Food News

How a top-end restaurant is shifting to takeaway and home-delivery to survive the impact of coronavirus

Restaurant Labart hopes the new business model will ensure workers and hungry customers are looked after.
The façade of Restaurant Labart, Burleigh Heads

The façade of Restaurant Labart

Andy Macpherson (interiors)

One Queensland restaurant has taken the extraordinary step of closing their dine-in business and operating exclusively on food-delivery and takeaway trade in the wake of mounting community concerns surrounding the spread of COVID-19.

Today, restaurant Labart in Burleigh Heads announced the temporary closure of their dining room as a precautionary measure in light of the global pandemic.

“People might think we are being alarmist, but we made the decision to be proactive,” says co-owner Karla Munoz Labart. “We could have stayed open and traded for another couple of weeks […] but restaurants are closing around the world. It doesn’t feel right for us to be encouraging people to be out and socialising. The question then becomes: how can we still feed people, but not in a social setting?”

Labart typically operates as a fine-dining restaurant. From Friday, the kitchen will be cooking home-style meals for diners to order takeaway, or to be delivered at home. “We want to nourish people in a time when the world needs it the most,” said chef and co-owner Alex Munoz Labart in a statement. “Dishes will be rustic, comfort food as we head into the winter months.” The menu will change daily but could include coq au vin; pork, chickpea and pumpkin casserole; and minestrone soup, with dishes priced between $20 to $30.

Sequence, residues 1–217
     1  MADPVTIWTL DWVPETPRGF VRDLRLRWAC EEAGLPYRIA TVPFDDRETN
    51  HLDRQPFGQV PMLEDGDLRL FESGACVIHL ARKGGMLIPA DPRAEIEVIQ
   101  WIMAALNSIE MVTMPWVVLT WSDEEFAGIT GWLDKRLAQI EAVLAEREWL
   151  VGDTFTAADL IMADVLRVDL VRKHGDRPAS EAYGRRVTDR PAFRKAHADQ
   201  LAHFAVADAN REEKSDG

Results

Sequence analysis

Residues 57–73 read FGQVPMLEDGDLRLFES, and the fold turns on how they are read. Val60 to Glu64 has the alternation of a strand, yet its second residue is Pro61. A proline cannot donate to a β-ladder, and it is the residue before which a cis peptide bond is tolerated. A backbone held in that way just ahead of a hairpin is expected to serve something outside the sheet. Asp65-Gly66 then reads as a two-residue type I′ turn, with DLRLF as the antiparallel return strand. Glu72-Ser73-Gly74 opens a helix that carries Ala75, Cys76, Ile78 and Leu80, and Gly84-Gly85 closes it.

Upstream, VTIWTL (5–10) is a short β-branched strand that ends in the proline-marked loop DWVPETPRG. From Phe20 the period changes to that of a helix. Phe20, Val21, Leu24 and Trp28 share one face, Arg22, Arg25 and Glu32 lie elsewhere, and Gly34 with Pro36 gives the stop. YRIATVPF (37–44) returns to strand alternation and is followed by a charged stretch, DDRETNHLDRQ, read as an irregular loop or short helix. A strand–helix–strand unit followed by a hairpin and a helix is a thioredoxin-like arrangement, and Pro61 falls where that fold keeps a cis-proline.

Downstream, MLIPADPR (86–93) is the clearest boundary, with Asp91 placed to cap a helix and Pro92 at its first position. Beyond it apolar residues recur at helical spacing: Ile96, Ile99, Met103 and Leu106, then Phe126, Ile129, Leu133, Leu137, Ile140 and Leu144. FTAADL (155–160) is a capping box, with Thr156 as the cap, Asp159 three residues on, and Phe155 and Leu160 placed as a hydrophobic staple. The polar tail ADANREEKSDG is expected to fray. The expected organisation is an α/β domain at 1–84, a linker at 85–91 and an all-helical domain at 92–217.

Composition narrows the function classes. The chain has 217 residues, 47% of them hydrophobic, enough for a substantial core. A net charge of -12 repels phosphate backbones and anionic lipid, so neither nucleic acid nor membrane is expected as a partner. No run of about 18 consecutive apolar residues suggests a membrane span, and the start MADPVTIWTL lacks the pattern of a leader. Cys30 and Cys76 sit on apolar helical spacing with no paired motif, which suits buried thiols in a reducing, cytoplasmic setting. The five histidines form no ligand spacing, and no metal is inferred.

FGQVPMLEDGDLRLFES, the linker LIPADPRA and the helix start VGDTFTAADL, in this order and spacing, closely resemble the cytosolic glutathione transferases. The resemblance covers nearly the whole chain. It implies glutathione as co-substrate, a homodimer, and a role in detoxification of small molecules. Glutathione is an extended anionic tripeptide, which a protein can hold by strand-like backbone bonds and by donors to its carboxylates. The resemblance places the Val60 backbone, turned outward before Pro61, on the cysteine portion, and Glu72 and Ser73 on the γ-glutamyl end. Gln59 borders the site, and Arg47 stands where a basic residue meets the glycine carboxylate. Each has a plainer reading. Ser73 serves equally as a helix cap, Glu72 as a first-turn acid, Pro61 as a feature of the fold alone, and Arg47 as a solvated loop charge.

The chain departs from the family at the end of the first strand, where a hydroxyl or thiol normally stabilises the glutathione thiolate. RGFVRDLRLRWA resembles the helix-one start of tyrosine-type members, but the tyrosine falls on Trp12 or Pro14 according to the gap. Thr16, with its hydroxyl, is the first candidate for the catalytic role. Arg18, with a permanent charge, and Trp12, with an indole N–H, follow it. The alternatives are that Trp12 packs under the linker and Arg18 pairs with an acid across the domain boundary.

Karla and Alex Munoz Labart.

Additionally, dishes will be served in biodegradable, recyclable packaging. Karla acknowledges many cafes have stopped accepting reusable coffee cups as part of their heightened sanitary measures; she’s determined the restaurant’s new business model is still as environmentally sustainable as possible.

The shift to a takeaway and home-delivery model also ensures restaurant staff remain employed. The majority of Labart workers are on full-time salaries; the few casual workers who work front-of-house will be employed as part of their in-house delivery service.

“Third-party delivery services like Deliveroo and Uber Eats take a big percentage from a restaurant’s order,” says Karla, estimating they receive up to a 30 per cent cut of a customer’s order. “But our staff are like family – they’re all locals with cars. Instead of working on the floor, they’ll be delivering to the door.”

Despite these measures, the restaurant is anticipating a hit to their bottom line. “For sure, this is not going to be as financially viable as running a fine-dining restaurant,” says Karla, adding the ability to adapt and be agile in the face of daily changing circumstances is essential to the survival of the restaurant industry. “We really encourage other restaurants on board,” she says. “We hope others will see this is a good idea in order to get through the next few weeks and months.”

Labart at Home

From Friday March 20

Open Wednesday to Sunday

8 West St, Burleigh Heads, Qld, (07) 5576 3498

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